Although Enbridge initially put the spill at about 840,000 gallons, the EPA said last year that 1.15 million gallons had been recovered and 350,000 cubic yards of contaminated river sediment remained to be recovered. Enbridge said in August 2013 that it had spent more than $1 billion on the cleanup and remediation to date, and the figure continues to rise.

A spill from the Keystone could potentially have similar effects. The Nebraska Department of Environmental Quality, in its final evaluation report on the project, found that the properties of the diluted forms of bitumen that would flow through the state in the Keystone pipeline “are similar in many respects to other heavy sour crude oils.” For what it’s worth, TransCanada says it plans to make the Keystone “the safest pipeline ever constructed in the U.S.,” adding more remote shut-off valves and inspections and burying the pipe more deeply than with other pipelines.

And that calamity is by no means an isolated incident.  

This presentation is outstanding in that is shows graphically the Koch reach into so many areas or our lives ... the pipeline segment is at about the 38:00-minute mark. It shows the evidence re: this project - worth your time to watch:

Based on relative safety records to date, the State Department estimated that an average of six deaths per year would result if the Keystone isn’t built and the same amount of oil is shipped by rail instead. More than twice as much oil is likely to be spilled as well, State estimated.

(1)  Tar sands are “game over” for the climate. Canada’s tar sands, which Keystone XL would carry, could contain double the carbon dioxide emitted by global oil use in history — and green lighting the pipeline that would carry them to the global market would be disastrous for climate change.

(2)  The supposed benefits of the tar sands pipeline have been over hyped. While supporters once said that the pipeline would bring gas prices down, experts agree that the Keystone XL tar sands pipeline could even increase domestic gas prices — and have little chance of lowering them. Jobs numbers, too, have been wildly inflated; TransCanada gave U.S. officials a job number that was 67 times higher than the number they used in Canada. While every U.S. job is important, the estimates on this project have ranged from 50 permanent jobs, to 2,500 temporary jobs, to TransCanada’s claim of 20,000 jobs. Even unions agree that clean energy jobs outweigh this potential for temporary dirty oil jobs.  

(3)  The Keystone XL tar sands pipeline puts our country’s natural resources at risk. The pipeline route passes through Nebraska’s Ogallala Aquifer (as discussed above), which is the country’s largest source of freshwater as addressed above. Even a single spill could have disastrous consequences for generations to come — and a University of Nebraska at Lincoln analysis of the pipeline finds that it could have 91 major spills in 50 years.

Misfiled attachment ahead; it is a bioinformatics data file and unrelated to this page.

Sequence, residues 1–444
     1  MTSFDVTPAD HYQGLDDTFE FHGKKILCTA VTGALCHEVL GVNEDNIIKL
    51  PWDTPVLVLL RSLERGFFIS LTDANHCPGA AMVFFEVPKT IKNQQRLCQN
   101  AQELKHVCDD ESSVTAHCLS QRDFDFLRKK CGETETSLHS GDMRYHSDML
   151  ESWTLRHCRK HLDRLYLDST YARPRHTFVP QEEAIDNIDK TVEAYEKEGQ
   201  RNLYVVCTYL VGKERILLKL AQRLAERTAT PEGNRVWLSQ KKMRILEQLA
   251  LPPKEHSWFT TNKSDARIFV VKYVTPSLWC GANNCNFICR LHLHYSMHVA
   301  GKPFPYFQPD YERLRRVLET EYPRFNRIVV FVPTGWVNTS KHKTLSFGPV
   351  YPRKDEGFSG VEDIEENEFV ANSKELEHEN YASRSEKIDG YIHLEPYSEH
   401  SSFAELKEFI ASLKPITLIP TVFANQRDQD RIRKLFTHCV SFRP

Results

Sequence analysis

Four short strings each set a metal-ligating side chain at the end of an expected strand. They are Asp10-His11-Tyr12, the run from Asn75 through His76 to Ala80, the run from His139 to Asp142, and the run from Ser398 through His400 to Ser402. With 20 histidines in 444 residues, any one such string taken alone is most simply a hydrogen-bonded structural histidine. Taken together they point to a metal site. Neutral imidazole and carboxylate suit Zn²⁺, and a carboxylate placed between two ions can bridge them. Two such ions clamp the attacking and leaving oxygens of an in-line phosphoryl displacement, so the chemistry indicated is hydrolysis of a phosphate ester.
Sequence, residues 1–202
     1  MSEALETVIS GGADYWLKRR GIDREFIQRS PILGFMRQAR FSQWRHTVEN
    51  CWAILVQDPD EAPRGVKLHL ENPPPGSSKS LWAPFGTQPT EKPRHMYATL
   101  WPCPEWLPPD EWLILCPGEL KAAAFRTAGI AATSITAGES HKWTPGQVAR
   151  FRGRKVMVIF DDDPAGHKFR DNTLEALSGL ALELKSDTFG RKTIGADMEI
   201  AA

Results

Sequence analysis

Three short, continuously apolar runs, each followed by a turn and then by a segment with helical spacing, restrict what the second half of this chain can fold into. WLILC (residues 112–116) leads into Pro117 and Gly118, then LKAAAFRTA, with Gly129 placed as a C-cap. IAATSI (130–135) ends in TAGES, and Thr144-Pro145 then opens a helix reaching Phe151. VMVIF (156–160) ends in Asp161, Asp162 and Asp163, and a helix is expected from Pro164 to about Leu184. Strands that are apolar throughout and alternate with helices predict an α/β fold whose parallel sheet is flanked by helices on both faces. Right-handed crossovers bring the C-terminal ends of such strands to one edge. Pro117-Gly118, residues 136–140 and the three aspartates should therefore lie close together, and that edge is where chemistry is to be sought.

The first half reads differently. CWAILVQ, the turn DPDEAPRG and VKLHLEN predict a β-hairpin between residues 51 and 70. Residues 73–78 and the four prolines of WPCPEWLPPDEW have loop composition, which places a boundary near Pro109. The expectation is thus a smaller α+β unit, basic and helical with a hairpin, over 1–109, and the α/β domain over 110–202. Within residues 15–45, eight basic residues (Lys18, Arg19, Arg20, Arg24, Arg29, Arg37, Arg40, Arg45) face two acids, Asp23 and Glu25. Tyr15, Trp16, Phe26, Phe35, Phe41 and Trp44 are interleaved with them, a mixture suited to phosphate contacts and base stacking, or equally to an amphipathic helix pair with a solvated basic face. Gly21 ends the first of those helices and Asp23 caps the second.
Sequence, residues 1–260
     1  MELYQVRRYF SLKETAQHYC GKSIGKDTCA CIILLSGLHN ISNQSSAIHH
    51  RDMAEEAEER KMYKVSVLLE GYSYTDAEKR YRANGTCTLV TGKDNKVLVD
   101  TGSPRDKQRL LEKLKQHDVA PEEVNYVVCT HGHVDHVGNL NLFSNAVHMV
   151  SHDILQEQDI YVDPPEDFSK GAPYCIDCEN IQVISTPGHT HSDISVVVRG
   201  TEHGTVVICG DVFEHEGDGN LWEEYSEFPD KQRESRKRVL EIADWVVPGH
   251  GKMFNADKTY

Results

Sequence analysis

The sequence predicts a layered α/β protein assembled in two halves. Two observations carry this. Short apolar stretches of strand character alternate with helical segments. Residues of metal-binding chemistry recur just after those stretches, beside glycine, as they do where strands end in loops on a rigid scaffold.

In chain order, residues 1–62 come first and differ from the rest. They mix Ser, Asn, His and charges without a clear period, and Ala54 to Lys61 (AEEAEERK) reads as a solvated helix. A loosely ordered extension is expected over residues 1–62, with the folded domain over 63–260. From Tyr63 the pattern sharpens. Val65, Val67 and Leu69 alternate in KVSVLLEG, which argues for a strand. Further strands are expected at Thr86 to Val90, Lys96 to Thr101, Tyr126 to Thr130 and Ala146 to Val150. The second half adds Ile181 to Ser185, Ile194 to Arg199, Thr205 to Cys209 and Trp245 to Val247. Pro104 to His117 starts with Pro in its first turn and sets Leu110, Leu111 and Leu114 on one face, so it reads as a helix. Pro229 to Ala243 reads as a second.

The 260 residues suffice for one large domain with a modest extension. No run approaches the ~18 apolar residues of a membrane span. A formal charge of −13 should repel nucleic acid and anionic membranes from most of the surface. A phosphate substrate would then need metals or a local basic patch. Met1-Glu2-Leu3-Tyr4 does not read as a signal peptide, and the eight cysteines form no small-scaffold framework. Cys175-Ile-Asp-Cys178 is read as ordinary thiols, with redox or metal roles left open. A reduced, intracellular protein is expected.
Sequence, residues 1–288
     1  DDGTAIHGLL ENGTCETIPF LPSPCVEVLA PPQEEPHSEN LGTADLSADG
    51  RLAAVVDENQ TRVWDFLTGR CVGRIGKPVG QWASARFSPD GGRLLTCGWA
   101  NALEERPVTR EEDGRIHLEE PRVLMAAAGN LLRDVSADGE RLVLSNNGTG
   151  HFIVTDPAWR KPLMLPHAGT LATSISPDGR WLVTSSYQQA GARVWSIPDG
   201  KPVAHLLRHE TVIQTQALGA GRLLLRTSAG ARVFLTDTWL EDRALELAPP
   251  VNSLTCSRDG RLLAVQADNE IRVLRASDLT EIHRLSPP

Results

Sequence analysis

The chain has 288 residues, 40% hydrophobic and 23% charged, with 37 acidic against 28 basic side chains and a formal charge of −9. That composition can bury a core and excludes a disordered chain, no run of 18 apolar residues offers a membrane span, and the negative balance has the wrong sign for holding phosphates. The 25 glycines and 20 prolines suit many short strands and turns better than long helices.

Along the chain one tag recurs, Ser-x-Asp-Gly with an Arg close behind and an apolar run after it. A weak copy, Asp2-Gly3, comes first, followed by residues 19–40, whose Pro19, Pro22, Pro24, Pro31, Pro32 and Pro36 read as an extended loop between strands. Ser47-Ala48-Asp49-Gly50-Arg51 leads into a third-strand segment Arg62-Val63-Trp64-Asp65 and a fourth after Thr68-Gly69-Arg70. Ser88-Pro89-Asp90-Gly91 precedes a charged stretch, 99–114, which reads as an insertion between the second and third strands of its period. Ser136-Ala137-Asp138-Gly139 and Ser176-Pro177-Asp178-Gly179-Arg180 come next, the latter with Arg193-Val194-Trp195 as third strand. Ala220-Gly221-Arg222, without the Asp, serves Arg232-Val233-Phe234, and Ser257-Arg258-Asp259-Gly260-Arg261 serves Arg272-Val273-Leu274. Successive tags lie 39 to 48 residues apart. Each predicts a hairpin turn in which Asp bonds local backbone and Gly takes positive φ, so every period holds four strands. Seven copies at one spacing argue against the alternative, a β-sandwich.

(4)  On Tuesday, Nov. 6, Americans voted against dirty energy and against Big Oil. Big Oil bet big on the election — and lost big. Big Oil-backed groups spent over $270 million on television ads in the last two months of the cycle alone, and have little to show for it. A recent Greenberg Quinlan Rosner Research poll found that 64 percent of voters say they have a favorable impression of renewable energy. In a Zogby poll released today, only 12 percent of respondents said that the Keystone XL tar sands pipeline was a “priority.” Meanwhile, 48 percent identified renewable energy as a priority.

(5)  The Keystone XL tar sands pipeline compromises our energy security. The tar sands oil that will pass through the pipeline is intended for the international market, making Keystone XL a pipeline that goes through the U.S. — not to the U.S. Furthermore, the Keystone XL tar sands pipeline continues to feed our dangerous addiction to oil that compromises national security and places American troops in harm’s way.

Key Point:  Canada’s pro-industry energy regulator — the National Energy Board — just announced a sweeping audit of TransCanada’s Canadian operations. This is the latest in a long series of accidents, shutdowns and pipeline safety infractions that have hounded the Canadian pipeline operator TransCanada.  Earlier this month, TransCanada was forced to shut its leak prone Keystone I tar sands pipeline down for four days after finding an “anomaly” — a technical term for cracks, corrosion or other defects in a pipeline which may lead to a rupture. These incidents are not unique; TransCanada has a sordid history as a pipeline operator

Don’t take my word for, ask the folks in Upper Michigan along the Kalamazoo River regarding a record spill there.  

Note: Canadian Prime Minister Stephen Harper once said that “TransCanada could pursue an alternative route through Canada to the West Coast, where oil could be shipped to China and other Asian markets.” However, Canadian Native group opponents call the West Coast option far fetched. They note that Canadian regulators have announced a one-year delay for a similar project that would carry tar sands oil to British Columbia (Canada's west coast as Harper referred to). But, that group has constitutionally protected treaty rights and unsettled land claims that could allow them to block or significantly delay both pipelines.

Finally, Media Matters here takes on and debunks five of the prevailing media myths about Keystone XL.

As I've said all along from my research and actual events, this is still a very bad idea. Stay tuned - this issue is by no means a "done deal."